Ozzie Guillen is best known for being an outspoken baseball manager, not a basketball player. But there was a time he had a chance to prove himself on the court against Michael Jordan.

The former major league skipper learned that day not to mess with the GOAT—even when you have strength in numbers.

Guillen recently reflected on the pickup game from the mid-1990s in a video for ESPN. Anybody who knows anything about the former Chicago White Sox manager knows “Storytime with Ozzie” is sure to be entertaining.

During 1994 spring training, Guillen—then a White Sox shortstop—decided to team up with teammate Joey Cora (5’7″) in a game of two-on-one against Jordan, who had signed a minor-league contract with the team. That may not seem like a fair battle, but it is Michael Jordan after all.

The Guillen-Cora duo jumped out to a 5-0 lead, giving the amateur hoopsters some confidence—enough confidence to put $100 on the game. That turned out to be a big mistake. After taking a 7-1 lead, they never saw the ball again.

Jordan took over and dominated the rest of the game. The then, three-time NBA MVP ran off nine straight points to pull out a 10-7 victory. Here’s how Guillen tells the story after all these years, via Mark Townsend of Big League Stew:

After the 100 bucks, we score two more and he’s down by seven-one. We missed and he grabbed the ball, and we never touched the ball again. We hand the ball back — check — and he just went crazy. He wasn’t checking nothing. He ain’t checking s***. He would just dunk. One after another. We went to stop him and he would run through us. He would grab the ball, dribble, and go through like nothing was around him. He would push me around. He would dunk. He would push Joey around. It’s funny because I don’t see his back, I see his crotch. Every time he would go around us, I would just see his lower body. I wouldn’t see his hands. His lower body was over my face seven times. We tried to push him back and play dirty against him. He don’t care. We can put three Joeys and seven Ozzies and he going to keep going.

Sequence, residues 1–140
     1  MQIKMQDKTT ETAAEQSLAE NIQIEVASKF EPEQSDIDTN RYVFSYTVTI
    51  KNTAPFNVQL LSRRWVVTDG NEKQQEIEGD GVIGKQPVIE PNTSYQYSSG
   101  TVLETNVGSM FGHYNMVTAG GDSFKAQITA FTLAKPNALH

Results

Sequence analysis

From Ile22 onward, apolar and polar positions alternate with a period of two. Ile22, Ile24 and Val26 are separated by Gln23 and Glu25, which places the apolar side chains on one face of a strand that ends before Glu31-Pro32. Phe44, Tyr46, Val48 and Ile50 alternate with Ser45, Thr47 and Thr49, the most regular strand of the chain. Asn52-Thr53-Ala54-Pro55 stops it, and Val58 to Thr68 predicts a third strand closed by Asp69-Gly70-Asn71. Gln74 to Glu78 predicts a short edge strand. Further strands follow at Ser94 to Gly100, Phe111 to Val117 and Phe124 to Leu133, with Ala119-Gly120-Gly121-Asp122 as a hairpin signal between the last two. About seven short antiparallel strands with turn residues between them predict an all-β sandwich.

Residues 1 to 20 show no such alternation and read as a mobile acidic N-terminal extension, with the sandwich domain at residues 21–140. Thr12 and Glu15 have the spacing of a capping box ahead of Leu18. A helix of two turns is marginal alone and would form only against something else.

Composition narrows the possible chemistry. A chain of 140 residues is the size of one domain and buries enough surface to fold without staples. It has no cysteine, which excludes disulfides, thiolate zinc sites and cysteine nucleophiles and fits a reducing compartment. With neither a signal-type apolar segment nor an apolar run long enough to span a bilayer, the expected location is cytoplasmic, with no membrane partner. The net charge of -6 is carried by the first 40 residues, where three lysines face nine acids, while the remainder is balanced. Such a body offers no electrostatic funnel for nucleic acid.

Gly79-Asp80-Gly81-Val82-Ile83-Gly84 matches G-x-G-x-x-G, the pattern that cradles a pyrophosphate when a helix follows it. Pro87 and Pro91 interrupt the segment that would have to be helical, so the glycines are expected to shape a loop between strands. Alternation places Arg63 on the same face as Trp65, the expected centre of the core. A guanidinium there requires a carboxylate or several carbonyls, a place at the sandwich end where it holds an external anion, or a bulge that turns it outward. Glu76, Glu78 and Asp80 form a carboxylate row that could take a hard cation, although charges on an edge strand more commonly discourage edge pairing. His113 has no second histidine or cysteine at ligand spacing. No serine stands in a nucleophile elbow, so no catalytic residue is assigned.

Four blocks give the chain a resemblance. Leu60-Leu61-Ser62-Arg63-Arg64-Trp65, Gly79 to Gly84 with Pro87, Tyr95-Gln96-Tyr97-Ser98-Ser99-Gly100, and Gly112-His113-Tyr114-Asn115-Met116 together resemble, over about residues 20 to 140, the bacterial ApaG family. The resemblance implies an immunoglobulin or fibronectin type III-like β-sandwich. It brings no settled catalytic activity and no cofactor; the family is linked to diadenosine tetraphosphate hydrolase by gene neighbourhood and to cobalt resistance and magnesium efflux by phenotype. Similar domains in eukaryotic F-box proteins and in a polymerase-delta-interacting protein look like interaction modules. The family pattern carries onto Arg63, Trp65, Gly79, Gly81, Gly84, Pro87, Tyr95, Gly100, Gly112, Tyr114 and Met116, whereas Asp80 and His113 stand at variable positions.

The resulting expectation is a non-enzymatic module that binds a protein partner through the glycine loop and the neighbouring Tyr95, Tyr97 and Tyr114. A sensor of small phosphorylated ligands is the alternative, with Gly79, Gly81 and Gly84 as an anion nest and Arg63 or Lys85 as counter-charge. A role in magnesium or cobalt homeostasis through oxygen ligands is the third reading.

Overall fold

Reading the words doesn’t do the story justice. If you have a few minutes, watch the video to get the full experience.

The best part of the story is the fact that Jordan didn’t flip the switch because of the $100 wager. The Chicago Bulls legend took control of the game because he didn’t want to give Guillen bragging rights, even if it was two-on-one. There’s no doubt Jordan would never hear the end of it if Guillen’s team had come out on top.

In the end, it really didn’t matter how many White Sox players were on the court—Jordan was not going to lose. That’s the day Guillen learned a valuable life lesson: “Don’t f–k with the wrong people.”


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